The Ultimate Guide To Rapid Manufacturing For Product Development

Rapid manufacturing

Rapid manufacturing

Traditional manufacturing does not suit every company’s product development plan, so many of them are turning to rapid manufacturing. In fact, rapid manufacturing is a great way to cut down production costs and save a lot of time in the production process. The global drive toward rapid manufacturing is driven by innovation and scalability to find alternative ways so that companies can release their products to reach the market as soon as possible.

Traditional manufacturing

Being one of the most popular production techniques, rapid manufacturing enables companies to rapidly put together the end product without engaging inexpensive, high-volume production techniques, and doing in a fraction of the time needed compared to traditional manufacturing. So, what is rapid manufacturing actually? Let’s layout the basics.


What Is Rapid Manufacturing?

It refers to the production of market-ready parts and components using different techniques and methods with the help of nontraditional tools and CAD. The main advantage of this manufacturing process is that the process is swift and relatively inexpensive. Furthermore, it is entirely suitable for low volume production. On the other hand, in many circumstances, traditional manufacturing employs high-cost equipment and machinery that take a long time to produce a finished product. Injection molding, shaping, and joining are all instances of classical manufacturing.

The software used to control and guide the processes is critical in rapid manufacturing. Professional automation makes sure that the product is manufactured efficiently – saving precious time and resources by enacting a program specially designed by engineers and designers. Rapid manufacturing includes different techniques such as rapid tooling, CNC machining, and 3D printing. However, these methods have one thing in common – they employ digital designs and software to boost efficiency as much as possible.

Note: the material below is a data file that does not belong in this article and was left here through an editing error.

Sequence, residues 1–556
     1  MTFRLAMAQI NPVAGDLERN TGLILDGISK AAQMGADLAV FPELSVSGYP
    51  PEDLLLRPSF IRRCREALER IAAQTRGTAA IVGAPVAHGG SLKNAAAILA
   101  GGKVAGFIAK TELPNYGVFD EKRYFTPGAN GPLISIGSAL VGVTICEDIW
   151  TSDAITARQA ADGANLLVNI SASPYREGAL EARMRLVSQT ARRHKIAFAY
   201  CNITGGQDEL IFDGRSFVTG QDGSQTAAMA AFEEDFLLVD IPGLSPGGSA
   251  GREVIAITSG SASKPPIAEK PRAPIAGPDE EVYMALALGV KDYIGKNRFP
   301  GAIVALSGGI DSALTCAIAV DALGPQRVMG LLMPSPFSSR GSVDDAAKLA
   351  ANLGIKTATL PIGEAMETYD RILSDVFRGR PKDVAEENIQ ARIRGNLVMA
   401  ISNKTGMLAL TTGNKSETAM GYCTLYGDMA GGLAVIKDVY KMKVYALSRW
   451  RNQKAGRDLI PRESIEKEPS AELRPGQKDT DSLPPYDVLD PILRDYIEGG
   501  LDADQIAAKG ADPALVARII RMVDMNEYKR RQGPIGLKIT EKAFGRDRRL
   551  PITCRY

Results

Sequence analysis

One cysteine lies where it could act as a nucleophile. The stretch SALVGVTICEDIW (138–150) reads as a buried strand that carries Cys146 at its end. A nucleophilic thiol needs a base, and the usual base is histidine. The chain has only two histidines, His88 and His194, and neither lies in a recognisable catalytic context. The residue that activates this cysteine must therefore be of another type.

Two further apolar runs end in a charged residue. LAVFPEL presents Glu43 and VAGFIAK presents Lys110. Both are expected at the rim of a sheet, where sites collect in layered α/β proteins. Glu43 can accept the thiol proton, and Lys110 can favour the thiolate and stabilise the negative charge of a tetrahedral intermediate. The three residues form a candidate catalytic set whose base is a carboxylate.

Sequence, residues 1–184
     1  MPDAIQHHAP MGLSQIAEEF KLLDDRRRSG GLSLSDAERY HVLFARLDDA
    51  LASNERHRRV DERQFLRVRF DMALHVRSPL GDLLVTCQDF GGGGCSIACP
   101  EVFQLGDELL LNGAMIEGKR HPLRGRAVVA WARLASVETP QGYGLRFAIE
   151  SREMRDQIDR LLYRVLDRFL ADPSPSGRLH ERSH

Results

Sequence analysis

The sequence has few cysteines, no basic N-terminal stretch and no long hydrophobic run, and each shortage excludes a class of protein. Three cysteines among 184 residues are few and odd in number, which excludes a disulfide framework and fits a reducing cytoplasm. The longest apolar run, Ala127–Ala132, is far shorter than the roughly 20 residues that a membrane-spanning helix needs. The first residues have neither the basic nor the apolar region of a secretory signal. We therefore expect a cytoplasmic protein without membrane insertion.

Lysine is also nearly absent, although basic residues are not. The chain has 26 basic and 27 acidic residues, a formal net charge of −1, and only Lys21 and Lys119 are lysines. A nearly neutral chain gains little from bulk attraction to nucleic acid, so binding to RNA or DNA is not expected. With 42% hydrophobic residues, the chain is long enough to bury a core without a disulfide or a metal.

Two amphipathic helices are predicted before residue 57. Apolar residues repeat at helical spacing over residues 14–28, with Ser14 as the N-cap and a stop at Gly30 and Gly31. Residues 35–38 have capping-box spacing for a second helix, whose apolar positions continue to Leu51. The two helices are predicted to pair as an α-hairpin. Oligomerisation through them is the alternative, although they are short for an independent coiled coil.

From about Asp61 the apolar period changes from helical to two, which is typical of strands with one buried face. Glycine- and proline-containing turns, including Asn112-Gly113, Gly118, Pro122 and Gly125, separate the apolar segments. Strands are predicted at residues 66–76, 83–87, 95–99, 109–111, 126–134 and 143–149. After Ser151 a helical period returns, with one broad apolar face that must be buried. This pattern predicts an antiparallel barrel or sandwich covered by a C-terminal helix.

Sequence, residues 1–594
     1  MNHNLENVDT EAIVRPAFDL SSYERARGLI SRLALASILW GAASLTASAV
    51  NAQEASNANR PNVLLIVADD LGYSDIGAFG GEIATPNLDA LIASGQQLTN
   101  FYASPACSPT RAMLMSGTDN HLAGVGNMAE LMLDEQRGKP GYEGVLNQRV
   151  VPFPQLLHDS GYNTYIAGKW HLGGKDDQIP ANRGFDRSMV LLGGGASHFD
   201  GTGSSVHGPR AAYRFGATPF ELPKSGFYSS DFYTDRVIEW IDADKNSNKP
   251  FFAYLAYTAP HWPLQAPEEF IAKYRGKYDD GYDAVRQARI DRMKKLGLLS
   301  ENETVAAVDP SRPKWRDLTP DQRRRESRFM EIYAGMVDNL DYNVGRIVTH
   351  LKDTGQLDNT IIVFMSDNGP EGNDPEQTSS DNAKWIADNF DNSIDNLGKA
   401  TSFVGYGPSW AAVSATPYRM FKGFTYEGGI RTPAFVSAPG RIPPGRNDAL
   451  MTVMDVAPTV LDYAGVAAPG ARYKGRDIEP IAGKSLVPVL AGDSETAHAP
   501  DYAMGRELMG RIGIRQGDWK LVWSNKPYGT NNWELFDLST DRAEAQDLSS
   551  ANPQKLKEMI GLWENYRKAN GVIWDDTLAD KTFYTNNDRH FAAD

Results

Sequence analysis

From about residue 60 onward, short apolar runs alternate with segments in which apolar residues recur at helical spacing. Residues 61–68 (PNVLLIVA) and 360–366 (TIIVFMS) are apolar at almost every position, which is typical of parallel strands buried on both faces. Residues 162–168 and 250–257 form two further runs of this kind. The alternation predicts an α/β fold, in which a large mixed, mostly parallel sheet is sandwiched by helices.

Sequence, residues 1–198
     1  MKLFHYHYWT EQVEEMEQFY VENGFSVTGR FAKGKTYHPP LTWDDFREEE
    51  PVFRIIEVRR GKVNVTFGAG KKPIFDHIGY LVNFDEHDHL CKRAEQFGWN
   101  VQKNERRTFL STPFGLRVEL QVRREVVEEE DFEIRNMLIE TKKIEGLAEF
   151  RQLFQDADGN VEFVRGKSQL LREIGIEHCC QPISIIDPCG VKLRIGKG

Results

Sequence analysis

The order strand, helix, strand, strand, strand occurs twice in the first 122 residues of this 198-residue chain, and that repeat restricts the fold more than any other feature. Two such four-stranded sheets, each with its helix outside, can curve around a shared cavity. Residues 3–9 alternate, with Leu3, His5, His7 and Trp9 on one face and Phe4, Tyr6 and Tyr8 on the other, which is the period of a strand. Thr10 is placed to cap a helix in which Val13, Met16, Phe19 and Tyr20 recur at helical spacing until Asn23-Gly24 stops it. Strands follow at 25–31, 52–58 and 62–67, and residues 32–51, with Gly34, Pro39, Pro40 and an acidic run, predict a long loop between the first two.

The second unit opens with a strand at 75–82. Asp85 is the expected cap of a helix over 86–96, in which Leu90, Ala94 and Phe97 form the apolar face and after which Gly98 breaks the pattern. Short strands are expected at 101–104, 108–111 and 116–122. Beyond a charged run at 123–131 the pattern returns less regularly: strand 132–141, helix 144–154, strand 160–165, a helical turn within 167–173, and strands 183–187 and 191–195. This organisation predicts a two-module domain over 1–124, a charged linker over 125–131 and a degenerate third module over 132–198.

Rapid Manufacturing VS Rapid Prototyping

Rapid prototyping is the process in which parts or products are being fabricated with the help of computer-aided designs. It uses three-dimensional CAD information to create a prototype that the company needs for testing before it starts manufacturing the end product. It is a particularly fast process that allows designers and engineers to apply changes or modifications if required. For that reason, companies that constantly redesign their products or have multiple lines of products significantly benefit from rapid prototyping. 

The main difference between rapid manufacturing and rapid prototyping is that the former produces products or components ready for the market as soon as they roll out of the production line. However, this doesn’t mean that the two techniques are mutually exclusive. Rapid prototyping, for example, is done via rapid manufacturing. At the time of its inception, prototyping was the primary production use case for fast manufacturing. Rapid manufacturing is being utilized to create whole end-user components and products, rather than merely prototypes.